After completing to wide receiver Mario Manningham (6 catches for a game-high 126 yards) for 27 yards and finding Boss for another 18 yards, Manning finished the drive with a three-yard scoring toss to one of seven different receivers he hooked up with on the day, fullback Madison Hedgecock. The first score of the season for Hedgecock gave the Giants a seemingly comfortable 31-17 lead with 12:08 to go in the game.

The Falcons however, wouldn’t go quietly. Ryan (26 of 46 for 268 yards, two touchdowns, no interceptions), who also completed to seven different players, drove Atlanta 65 yards in twelve plays, throwing to a four-yard scoring pass to undrafted wide receiver Eric Weems out of Bethune-Cookman, pulling the Falcons to within 31-24, with 6:01 remaining in the fourth quarter.

Manning then tried to answer again. He connected with Boss (five catches, 76 yards) on a 26-yard play to the Giants’ 41 yard-line, but the Giants were stopped on their next three plays (two of them, Manning incompletions), and the Falcons took over after a short 35-yard punt by Giants’ punter Jeff Feagles.

Ryan again drove the Falcons, this time twelve plays for 76 yards in 3:14, scoring on an 11-yard touchdown pass to tight end Tony Gonzalez (game–high eight catches for 72 yards), who pulled Ryan’s pass down between two Giants’ defenders in the middle of the end zone, tying the game 31-31, with just 28 seconds left in regulation, forcing overtime.

“I am concerned,” Giants head coach Tom Coughlin said of his defense, which struggled against the Falcons and has done so since dominating during a 5-0 start.

However, the way Manning was going on Sunday, it was a safe bet that if the Giants won the toss to start the extra session, Ryan wouldn’t get the ball back.

They did, and he didn’t.

On third-and-two from the Giants’ 41 yard-line, Manning noticed the help that was originally on his right side of the field, sneaking back toward the middle. That’s when Manning knew he had Manningham, and sure enough, he lofted a nice over-the-back-shoulder fade pass along the right sideline to Manningham, who caught the ball for a 29-yard gain, streaking to the Atlanta 23.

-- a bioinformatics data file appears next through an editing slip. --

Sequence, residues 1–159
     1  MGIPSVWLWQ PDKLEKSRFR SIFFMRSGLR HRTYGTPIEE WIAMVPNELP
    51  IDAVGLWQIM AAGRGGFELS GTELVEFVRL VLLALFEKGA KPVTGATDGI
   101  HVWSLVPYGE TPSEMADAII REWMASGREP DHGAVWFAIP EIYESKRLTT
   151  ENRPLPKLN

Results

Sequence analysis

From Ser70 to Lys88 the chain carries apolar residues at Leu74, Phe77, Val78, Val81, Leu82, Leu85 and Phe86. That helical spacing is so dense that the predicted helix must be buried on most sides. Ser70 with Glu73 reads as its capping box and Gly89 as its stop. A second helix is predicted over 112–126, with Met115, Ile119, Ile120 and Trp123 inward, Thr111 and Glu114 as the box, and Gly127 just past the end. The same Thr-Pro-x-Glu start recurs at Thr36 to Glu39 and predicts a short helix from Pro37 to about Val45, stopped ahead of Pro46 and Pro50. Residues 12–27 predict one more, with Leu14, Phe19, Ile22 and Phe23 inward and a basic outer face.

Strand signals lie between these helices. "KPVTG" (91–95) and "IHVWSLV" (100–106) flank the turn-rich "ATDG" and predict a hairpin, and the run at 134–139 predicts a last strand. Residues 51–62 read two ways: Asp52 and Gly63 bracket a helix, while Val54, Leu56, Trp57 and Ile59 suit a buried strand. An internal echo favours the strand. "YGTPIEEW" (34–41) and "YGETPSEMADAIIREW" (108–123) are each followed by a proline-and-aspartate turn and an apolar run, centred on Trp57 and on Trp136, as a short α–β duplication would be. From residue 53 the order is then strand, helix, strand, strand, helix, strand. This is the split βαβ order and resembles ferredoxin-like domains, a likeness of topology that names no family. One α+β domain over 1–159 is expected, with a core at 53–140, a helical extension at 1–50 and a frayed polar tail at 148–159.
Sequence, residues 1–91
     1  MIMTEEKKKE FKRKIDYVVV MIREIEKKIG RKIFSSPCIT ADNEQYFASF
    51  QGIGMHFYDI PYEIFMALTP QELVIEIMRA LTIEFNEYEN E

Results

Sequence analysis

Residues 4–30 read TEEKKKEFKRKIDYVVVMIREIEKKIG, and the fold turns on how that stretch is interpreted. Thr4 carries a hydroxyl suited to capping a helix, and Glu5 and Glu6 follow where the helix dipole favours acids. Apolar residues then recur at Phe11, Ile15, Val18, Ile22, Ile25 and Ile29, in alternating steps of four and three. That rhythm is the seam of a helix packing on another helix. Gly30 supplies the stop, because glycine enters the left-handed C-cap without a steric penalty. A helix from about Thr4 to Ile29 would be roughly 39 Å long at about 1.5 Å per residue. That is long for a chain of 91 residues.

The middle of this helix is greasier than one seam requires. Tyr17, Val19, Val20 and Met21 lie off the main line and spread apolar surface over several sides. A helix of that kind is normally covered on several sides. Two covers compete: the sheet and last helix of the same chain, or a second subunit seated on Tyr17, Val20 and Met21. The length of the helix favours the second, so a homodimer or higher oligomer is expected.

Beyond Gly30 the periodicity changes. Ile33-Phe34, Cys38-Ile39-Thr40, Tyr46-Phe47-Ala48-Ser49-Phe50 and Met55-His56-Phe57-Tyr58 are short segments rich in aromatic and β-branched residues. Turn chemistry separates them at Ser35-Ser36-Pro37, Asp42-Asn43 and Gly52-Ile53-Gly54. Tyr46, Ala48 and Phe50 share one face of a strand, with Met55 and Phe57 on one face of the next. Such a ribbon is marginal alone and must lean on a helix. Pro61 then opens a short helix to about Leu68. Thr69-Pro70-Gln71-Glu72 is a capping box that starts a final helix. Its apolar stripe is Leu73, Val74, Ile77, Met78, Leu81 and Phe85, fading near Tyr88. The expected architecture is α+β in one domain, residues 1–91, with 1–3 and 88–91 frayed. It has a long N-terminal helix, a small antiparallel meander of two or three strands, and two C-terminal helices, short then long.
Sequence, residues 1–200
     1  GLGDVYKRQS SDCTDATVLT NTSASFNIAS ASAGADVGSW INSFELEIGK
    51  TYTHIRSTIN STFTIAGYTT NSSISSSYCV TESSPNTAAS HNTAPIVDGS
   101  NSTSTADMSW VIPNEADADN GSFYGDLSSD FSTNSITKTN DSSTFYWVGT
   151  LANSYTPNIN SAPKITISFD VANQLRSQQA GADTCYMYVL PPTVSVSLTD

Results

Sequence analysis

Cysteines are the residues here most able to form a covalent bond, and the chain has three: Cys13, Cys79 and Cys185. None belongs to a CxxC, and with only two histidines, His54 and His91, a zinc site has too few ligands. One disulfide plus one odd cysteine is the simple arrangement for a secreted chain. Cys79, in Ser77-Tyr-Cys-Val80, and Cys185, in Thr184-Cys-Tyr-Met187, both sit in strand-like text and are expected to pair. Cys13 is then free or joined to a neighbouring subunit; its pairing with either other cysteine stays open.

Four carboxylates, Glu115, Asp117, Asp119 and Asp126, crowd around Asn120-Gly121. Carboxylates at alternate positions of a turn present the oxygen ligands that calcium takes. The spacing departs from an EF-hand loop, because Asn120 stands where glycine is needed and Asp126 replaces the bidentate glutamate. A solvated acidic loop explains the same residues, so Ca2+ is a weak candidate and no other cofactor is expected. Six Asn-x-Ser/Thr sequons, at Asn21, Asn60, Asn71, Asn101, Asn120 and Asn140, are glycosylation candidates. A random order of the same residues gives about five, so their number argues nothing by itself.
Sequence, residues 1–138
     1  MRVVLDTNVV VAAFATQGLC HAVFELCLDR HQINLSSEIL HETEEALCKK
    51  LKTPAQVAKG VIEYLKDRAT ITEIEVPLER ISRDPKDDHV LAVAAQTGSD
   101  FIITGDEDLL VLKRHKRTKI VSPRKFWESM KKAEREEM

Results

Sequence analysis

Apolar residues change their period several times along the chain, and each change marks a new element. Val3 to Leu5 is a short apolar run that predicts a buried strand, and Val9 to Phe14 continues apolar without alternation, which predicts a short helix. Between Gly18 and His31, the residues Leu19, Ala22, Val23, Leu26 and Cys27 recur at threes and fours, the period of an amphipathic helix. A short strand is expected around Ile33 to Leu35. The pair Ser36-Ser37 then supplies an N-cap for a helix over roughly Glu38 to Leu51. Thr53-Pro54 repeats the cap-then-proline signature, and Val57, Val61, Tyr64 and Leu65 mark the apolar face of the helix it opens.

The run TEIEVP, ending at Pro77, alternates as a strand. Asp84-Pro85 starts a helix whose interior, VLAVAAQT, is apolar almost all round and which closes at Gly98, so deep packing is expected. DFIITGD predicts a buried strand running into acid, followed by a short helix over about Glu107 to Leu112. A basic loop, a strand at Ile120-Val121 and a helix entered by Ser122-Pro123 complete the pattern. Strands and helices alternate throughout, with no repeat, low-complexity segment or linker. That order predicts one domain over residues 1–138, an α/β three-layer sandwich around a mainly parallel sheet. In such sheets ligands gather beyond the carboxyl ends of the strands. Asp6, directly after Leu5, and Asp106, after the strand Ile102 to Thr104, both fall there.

Three plays later, Tynes knocked a game-winning 36-yard field goal inside the right upright, 3:54 into overtime, to complete the Giants’ first win in exactly six weeks.

Although Manning moved into second place on the Giants’ career completions list (with 1,466) and into third place on the Giants’ all-time passing yards list (with 17,077), it was finally getting back in the win column which he focused on most.

“It’s been a long time, 42 days since our last win,” he said. “It felt like it, too. “There are not many better feelings than in a locker room after a win,” Manning said. “It was good to see the high-fives and the smiles, especially when you haven’t had that feeling for a while.”

“It’s nice to win,” Coughlin added. “We were miserable around here for a month.”

In an NFL oddity, the Giants’ victory was the first by the home team in the Giants-Falcons series since November 11, 1979, when the Giants won at Giants Stadium, 24-3. The visiting team had won the previous twelve meeting in the series, the longest such streak in NFL history.

Big Blue won’t have long to relish in its rediscovered feeling of victory. They’ll only have three days off, one of which will be a travel day, as they’ll fly out west, before playing in Denver, on Thanksgiving night. They may be catching the Broncos at the right time though, since they can now relate to the predicament that the Giants were in before Sunday, having lost their past four games after a 6-0 start. Kickoff will be at 8:20pm EST.

About the Author

Jon Wagner

Jon has been a credentialed writer with New York Sports Day since 2009, primarily covering the New York Knicks and Hofstra men's basketball. He has also occasionally covered other college basketball and New York's pro teams including the Mets, Giants, Jets, Islanders, Rangers and Cosmos (including their three most recent championship seasons). Jon is former Yahoo Sports contributor who previously covered various sports for the Queens Ledger. He's a proud alum of Hofstra University and the Connecticut School of Broadcasting (which he attended on a full scholarship). He remains convinced to this day that John Starks would have won the Knicks a championship in 1994 had Hakeem Olajuwon not blocked Starks' shot in Game 6 of the 1994 NBA Finals.